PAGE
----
By William G. (Bill) Stuart
Director of Strategy and Compliance
Benefit Strategies LLC
Are you offering an HSA program to your employees?
If not, here are three good reasons to think about this approach:
- Employers and employees save on premiums (sometimes without taking on additional out-of-pocket responsibility).
- Employers and employees reduce their tax burdens.
- Employees build equity to purchase future medical and health-related services.
Let’s look at each of these benefit areas in more detail.
All services except select preventive care are subject to the deductible on an HSA-qualified medical plan. While these plans have the broadest deductible in the market (many other deductible plans cover office visits and prescription drugs subject to a copay), the deductible can be as low as $1,300 for self-only and $2,600 for family coverage. Those figures are in line with the average deductibles for group health plans nationally ($1,318 among workers with a deductible and $1,077 among all workers with single coverage, according to a recent survey) and lower than average deductibles in the small-group and nongroup markets nationally and in New England.
Are HSA-qualified plans merely “watered-down” coverage, as some critics contend? Hardly. Yes, patients must meet a deductible before the insurer begins to pay claims – as with any deductible plan. HSA-qualified plans are typically less likely to have network restrictions increasingly common with other plans. HSA plans offer comprehensive benefits on par with other deductible and non-deductible plans and follow Affordable Care Act, or ACA, requirements that select preventive services be covered at no cost at the point of service or purchase.
HSA-qualified plans carry lower premiums than other plans with similar deductible levels not because they reduce benefits or physician choice, but rather because HSA-qualified plan enrollees self-insure more services (including physician visits and prescription drugs).
As consumers, we self-insure every time we don’t purchase the extended warranty when we purchase a cell phone or lawnmower, or we choose not to purchase flight insurance to receive a refund of our air fare if we can’t travel for certain reasons. Most consumers come out ahead financially over time when they don’t insure against smaller financial risks, while some wish with a specific loss that they’d purchased coverage.
The point here is that for a lower premium than for a plan with a deductible of the same dollar figure that’s less broad, individuals can enjoy the other benefits associated with an HSA.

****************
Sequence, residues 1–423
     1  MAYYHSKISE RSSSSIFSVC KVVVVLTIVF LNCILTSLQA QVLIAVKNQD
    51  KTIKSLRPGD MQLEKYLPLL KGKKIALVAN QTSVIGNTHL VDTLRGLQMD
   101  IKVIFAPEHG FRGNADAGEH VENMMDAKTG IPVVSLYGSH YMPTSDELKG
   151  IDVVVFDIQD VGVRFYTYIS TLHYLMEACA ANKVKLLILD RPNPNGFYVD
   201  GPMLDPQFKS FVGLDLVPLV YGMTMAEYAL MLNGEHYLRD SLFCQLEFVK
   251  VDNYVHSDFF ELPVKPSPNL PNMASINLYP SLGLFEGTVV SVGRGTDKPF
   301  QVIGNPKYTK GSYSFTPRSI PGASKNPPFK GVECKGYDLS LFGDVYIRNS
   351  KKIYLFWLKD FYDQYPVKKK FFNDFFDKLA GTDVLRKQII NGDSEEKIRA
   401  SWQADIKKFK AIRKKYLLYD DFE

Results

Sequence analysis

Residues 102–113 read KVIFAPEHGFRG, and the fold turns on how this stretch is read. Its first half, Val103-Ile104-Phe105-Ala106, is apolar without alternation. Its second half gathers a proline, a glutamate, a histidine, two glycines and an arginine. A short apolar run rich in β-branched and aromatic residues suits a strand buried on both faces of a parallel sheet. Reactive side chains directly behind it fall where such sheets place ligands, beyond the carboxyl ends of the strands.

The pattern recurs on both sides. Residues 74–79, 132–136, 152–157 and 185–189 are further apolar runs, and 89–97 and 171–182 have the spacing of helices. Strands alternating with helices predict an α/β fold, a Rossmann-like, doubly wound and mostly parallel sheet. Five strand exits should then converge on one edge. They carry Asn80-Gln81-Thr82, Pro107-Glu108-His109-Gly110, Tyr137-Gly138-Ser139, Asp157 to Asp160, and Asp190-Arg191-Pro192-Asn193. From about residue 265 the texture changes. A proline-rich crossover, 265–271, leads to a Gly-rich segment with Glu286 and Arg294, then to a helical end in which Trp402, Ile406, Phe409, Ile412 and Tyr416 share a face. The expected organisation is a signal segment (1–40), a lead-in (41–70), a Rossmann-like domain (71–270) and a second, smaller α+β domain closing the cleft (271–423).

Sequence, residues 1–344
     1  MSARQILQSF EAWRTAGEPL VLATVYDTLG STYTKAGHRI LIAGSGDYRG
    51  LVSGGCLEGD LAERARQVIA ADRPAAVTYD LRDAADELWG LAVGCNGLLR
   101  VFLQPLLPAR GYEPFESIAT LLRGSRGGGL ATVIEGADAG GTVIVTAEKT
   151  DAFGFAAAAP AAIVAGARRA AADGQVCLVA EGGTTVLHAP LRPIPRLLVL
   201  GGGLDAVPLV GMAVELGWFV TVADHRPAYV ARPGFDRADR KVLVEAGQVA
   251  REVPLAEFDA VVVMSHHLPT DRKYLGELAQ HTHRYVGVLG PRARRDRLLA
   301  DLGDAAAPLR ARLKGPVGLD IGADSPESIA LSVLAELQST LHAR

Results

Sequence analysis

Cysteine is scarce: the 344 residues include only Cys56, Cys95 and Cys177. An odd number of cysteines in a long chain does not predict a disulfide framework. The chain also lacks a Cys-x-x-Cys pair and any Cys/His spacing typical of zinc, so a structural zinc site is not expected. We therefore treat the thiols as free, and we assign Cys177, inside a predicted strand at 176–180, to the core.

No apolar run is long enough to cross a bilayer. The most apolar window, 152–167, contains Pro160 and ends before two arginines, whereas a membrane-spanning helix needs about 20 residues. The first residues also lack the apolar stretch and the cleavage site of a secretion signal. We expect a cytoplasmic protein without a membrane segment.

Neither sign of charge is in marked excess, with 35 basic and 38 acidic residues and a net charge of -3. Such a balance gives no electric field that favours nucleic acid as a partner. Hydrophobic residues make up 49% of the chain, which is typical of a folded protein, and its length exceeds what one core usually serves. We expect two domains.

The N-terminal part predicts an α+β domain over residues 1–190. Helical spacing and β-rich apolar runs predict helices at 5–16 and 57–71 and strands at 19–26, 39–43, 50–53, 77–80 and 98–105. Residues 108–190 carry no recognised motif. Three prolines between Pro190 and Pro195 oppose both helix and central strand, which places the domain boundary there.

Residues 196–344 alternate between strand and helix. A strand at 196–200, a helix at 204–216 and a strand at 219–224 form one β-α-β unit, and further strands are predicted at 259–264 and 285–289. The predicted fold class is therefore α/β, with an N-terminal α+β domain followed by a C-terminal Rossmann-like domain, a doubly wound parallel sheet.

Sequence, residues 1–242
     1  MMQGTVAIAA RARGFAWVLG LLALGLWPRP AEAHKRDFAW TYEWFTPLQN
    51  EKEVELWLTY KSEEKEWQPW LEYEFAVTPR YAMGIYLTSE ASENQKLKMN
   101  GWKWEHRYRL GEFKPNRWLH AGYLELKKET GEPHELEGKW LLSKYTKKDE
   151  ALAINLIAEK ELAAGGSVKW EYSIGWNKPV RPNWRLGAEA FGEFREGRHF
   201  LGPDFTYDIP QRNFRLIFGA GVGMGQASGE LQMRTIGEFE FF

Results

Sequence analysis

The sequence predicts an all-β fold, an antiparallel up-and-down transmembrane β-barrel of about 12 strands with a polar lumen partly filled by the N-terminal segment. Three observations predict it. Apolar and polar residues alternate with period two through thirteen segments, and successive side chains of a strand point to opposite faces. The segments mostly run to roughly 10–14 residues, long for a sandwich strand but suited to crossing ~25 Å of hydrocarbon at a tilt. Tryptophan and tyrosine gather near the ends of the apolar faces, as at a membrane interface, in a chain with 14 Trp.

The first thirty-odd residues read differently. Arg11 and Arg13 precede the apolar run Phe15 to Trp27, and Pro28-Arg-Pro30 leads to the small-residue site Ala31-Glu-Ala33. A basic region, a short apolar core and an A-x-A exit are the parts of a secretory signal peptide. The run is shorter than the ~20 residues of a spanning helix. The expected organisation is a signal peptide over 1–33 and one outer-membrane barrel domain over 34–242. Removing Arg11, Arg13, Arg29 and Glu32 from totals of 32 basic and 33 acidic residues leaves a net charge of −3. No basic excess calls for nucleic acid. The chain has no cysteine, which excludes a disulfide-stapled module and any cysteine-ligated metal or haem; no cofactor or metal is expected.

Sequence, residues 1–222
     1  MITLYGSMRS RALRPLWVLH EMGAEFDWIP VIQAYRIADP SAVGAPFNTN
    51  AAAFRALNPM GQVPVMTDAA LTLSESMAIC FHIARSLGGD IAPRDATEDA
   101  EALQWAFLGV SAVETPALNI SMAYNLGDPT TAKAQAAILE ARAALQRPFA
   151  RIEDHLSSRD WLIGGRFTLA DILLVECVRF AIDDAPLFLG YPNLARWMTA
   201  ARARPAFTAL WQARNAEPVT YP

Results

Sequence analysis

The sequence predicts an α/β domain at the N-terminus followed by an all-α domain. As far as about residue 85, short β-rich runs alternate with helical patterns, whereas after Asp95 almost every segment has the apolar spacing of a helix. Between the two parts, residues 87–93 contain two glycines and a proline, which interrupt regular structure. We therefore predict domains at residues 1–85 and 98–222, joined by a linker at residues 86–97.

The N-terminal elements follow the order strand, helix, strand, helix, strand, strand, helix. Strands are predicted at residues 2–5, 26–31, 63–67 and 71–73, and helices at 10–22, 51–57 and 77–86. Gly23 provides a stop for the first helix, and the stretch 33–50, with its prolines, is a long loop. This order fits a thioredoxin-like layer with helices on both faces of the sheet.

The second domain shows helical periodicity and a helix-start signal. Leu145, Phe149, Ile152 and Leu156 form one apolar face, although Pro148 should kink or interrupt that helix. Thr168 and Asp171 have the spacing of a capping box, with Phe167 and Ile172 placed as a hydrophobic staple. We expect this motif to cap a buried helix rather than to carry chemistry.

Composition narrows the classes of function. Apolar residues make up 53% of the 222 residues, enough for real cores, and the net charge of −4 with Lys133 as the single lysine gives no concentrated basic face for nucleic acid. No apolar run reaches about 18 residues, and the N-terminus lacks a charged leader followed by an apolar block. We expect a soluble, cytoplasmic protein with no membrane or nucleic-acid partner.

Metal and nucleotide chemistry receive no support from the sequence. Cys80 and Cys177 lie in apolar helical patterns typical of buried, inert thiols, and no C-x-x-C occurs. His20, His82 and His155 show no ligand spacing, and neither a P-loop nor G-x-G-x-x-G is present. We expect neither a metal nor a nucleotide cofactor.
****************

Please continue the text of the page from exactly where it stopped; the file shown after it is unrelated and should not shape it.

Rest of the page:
One challenge is whether the medical insurer prices the HSA-qualified plan at a premium that’s meaningfully lower than a plan with a less broad deductible. In many cases, conservative actuaries haven’t created a meaningful spread in the cost of these plans to make them more attractive to employers and employees. (In an upcoming post, we’ll discuss how employers can price medical plan options to create a meaningful difference in employee contribution to premium.)
Employers and employees reduce their tax burdens
Employers can enhance employee enrollment in HSA-qualified medical plans by offering an employer contribution to each employee’s HSA. This contribution reduces the employees’ net deductible responsibility and, if the employer contributes early in the year, reduces the potential cash-flow issue that an employee faces with high out-of-pocket expenses early in the plan year. Employers deduct these contributions from their taxable income as deductible employee compensation.
Employees reduce their taxable income dollar-for-dollar with every contribution that they make to their HSA. Their contributions reduce federal income taxes and, if applicable, state income taxes as well. For a family with taxable income of, say, $85,000, the federal marginal income tax rate is 25%. If that family contributes $5,000 for a family contract (less than the limit of $6,750 from all sources in 2016 and 2017), its federal income tax savings alone are $1,250. That’s an additional $1,250 available to pay medical, dental and vision expenses. A 5% state income tax rate would boost the savings to $1,500.